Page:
For a couple of weeks the phone calls and cards expressed sympathies. Then as suddenly as death itself, they stopped. For the next year, things reminded me of her; a favorite song on the radio or someone would cook a dish she liked. Now, I only remember her twice a year. On her birthday I tweet she would’ve been 104. I wish her a happy birthday in Heaven. As if they had birthdays in Heaven. On the anniversary of her death I post on Facebook how I miss her and quickly scroll on to the next newsfeed.
Oh look…tiny goats.
I understand that back in the 50’s when I was but a child, all we had to worry about in school was “Run Jane run.” and did 1+1=2. By the time we’d finished school, most of us had already been working for a couple years and credit cards were practically non-existent. So we had to take life in little bites or we never got the chance to eat at all.
Yet, in this modern fast paced society we’ve let ‘instant gratification’ become the mantra for, not just the young generation, but for even us old fogies. It seems our attention spans are becoming increasingly shorter as technology pushes us farther into the future. We’re constantly being bombarded by hundreds of minuscule texts on our phones. The newsfeed on our social media sites like Facebook, Twitter and Instagram fly by us with the speed of light. Hell, most people have already given up on this post and moved on to something else because it’s too long.
I saw a television commercial the other day that told me “I want it all and I want it now.” So it’s little wonder that in the store the other day a mother was telling her 5 year old that she couldn’t have a toy because she didn’t have enough money. The child replied, “You can just put it on a credit card.” These are the lessons we’re teaching our children.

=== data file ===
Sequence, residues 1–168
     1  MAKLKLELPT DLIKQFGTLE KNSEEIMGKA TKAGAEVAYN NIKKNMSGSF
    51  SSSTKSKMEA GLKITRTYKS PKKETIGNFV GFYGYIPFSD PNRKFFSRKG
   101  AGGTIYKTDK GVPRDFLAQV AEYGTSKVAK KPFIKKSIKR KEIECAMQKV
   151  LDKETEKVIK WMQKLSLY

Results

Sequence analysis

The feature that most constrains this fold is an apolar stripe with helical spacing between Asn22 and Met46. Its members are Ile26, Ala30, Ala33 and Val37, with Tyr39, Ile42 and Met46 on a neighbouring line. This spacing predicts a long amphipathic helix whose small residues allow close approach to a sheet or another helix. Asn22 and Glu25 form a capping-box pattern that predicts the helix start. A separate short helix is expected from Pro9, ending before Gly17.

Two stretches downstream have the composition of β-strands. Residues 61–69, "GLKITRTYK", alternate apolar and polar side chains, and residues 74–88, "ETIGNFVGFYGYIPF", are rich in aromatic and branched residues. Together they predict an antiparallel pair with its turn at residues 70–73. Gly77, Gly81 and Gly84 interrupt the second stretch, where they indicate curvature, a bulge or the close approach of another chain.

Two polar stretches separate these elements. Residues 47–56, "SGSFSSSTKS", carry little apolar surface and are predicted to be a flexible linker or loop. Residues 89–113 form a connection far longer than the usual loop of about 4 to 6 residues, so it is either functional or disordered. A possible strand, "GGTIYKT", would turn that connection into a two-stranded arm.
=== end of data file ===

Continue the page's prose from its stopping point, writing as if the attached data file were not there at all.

Seriously folks, as you travel through life things like getting married, having kids, buying a new car and a house is a mouthful to have to chew all at once. So let’s not try to cram it in all at once’ just heed ole Aunt Sadie’s advice and take the time to savor the taste of each bite a little before you have to swallow.
Got a minute
We need to talk
I was at the doctor
Too early to tell
Take care of them
I love you
I’ve said this a thousand times and still I can never say it enough. Being a mother is the hardest and most thankless job there is and yet they do it for free.
In my mother’s eyes, “the needs of the family would always outweigh the needs of the one.” After all the bills were paid, the groceries bought and safely stored away in their larders, you might see her in the store, eyeing that new dress, or new pair of shoes or whatever items that she would have like to have. She would even go so far as to pick it up, turn it over in her hands and possibly even put it in her cart. But by the time she left the store, it would still be setting on the shelf. Because, in her words she could get by with what she had. Besides, one of the kids might need something between now and next payday.
I think that most mothers are pretty much the same. So this is why we have a special day set aside just for them. So pick up the phone, give them a call. They don’t want fancy presents or flowers. They just want you to tell them you love them.
Trust me one day you’ll wake up and find that there’s no phones in heaven.
When I was young my parents told me that I would wish I had this time to live again. I have to say that I thought they were a bit senile. Who in their right mind would want to live with no TV, cell phone or Facebook? Who wants to fish in clean water, breathe unpolluted air, or play in the middle of the street without harm? Who needs to sleep through a silent night or wake early to play in dew covered grass? Who needs simplicity, friends …family? Why would I long to hug my father, to kiss my mother’s brow, to tell my brothers and sisters I love them.
“Not me,” said the ignorance of youth.